With digital transformation in healthcare, remote monitoring and virtual care models are bound to use multiple communication channels. This shift in fundamentals of the business is changing the way patients are going to be cared for. They will no longer need to come to the clinic. This change increases the vulnerability and different endpoints from a security standpoint.
In this webinar, Paddy Padmanabhan, Dave Ledoux of Nizhoni Health, and Greg Hoffman of Paubox discussed email security for healthcare practices and shared valuables tips to keep your emails and online presence safe.
- Maintain HIPAA compliance when sending or receiving email: Understand what qualifies as protected health information (PHI). Anything that can identify a patient and is used during their care is a PHI. For example, medical record number, unique identifying number, an invoice with billing information, appointment reminders, and blood test results. A simple name, phone number, email address, birth date, Social Security number, even a picture of a patient could qualify as PHI. So be sure that you and your staff are both aware of what it is and when you are handling it.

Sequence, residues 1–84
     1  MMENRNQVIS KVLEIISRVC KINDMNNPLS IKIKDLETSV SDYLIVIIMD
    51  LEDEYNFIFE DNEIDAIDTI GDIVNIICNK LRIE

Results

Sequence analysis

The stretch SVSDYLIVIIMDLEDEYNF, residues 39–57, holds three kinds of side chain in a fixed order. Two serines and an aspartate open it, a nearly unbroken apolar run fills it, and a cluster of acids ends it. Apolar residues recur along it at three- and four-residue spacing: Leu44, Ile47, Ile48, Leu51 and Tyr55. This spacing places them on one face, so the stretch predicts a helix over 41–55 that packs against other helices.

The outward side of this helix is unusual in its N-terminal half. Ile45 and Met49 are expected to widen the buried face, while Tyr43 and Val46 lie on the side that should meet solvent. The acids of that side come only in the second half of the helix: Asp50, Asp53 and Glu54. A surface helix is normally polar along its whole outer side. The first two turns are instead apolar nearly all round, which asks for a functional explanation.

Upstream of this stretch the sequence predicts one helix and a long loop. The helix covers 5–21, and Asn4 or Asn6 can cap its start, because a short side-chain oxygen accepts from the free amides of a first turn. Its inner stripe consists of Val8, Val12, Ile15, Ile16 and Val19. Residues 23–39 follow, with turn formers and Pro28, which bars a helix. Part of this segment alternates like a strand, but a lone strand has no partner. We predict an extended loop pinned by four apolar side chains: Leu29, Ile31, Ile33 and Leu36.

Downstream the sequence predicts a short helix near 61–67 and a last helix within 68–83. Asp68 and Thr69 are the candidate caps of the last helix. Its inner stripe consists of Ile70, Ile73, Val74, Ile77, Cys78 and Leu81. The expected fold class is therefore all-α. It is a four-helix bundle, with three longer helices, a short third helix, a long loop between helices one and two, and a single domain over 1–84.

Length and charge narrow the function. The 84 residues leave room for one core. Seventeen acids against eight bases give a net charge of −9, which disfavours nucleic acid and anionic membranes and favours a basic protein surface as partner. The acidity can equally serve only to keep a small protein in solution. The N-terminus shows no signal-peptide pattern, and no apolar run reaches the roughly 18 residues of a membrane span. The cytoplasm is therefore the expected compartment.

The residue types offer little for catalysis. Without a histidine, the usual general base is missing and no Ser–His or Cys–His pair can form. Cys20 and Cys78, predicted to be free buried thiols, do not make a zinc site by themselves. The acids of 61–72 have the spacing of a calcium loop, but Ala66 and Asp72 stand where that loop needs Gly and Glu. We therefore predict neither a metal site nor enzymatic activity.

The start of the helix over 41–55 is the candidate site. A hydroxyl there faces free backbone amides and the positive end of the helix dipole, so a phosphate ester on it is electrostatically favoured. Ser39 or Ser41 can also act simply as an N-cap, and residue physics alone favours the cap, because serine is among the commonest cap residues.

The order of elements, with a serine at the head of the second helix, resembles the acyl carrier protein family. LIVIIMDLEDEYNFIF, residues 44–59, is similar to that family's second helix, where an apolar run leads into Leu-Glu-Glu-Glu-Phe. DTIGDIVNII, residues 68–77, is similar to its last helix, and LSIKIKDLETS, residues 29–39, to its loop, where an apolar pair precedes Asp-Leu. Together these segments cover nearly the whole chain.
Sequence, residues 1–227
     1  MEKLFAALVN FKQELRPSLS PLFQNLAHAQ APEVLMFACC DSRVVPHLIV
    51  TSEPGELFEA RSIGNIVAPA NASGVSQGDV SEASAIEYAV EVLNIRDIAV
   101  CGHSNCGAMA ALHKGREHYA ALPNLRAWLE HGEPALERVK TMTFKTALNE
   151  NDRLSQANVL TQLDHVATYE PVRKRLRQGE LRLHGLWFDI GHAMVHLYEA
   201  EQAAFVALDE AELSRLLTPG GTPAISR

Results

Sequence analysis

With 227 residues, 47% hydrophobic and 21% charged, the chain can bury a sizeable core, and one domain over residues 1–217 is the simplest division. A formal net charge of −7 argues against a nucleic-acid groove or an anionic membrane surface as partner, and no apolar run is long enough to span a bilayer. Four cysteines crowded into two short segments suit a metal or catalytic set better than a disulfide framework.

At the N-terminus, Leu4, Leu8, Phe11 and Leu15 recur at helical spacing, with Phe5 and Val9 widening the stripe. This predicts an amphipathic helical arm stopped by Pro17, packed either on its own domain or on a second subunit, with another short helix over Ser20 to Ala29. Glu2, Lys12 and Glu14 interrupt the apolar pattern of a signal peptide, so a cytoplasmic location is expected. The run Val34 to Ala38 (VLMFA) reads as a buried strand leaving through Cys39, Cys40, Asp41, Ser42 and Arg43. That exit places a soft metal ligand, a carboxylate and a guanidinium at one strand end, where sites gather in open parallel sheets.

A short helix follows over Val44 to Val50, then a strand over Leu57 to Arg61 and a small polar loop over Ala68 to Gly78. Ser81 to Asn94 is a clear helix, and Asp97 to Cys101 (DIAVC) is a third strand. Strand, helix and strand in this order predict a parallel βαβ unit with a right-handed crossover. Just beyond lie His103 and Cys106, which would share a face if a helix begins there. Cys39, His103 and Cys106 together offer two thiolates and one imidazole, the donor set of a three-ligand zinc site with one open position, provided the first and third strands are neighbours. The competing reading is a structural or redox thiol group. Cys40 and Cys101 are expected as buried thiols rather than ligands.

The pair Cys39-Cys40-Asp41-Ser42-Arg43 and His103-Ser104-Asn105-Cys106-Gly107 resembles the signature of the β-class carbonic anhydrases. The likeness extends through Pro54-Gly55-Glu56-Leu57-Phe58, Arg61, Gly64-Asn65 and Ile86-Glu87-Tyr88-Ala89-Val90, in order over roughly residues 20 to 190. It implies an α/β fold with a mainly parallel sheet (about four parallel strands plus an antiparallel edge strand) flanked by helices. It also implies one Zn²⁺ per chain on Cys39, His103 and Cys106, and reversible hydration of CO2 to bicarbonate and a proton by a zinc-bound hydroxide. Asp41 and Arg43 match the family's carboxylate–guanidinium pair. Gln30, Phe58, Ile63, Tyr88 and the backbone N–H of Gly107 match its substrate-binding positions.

- Change human behavior by making people aware of how they could be exposed to phishing attacks: Ninety-one percent of phishing attacks are incredibly easy to do. They come from a fake Gmail, AOL, or Yahoo! email address. You cannot blacklist these domains—no links or attachments, no way to flag them. It is just one human tricking another using their fake authority. They change the display name to match someone of importance within your organization, maybe your CEO or CFO, and they say we need money to be sent to us, sensitive data, direct deposits to be redirected. Another type of phishing attack is using a spoofed domain, where a support guy can ask you to update your version of Microsoft or Windows, thus gaining access to your sensitive data.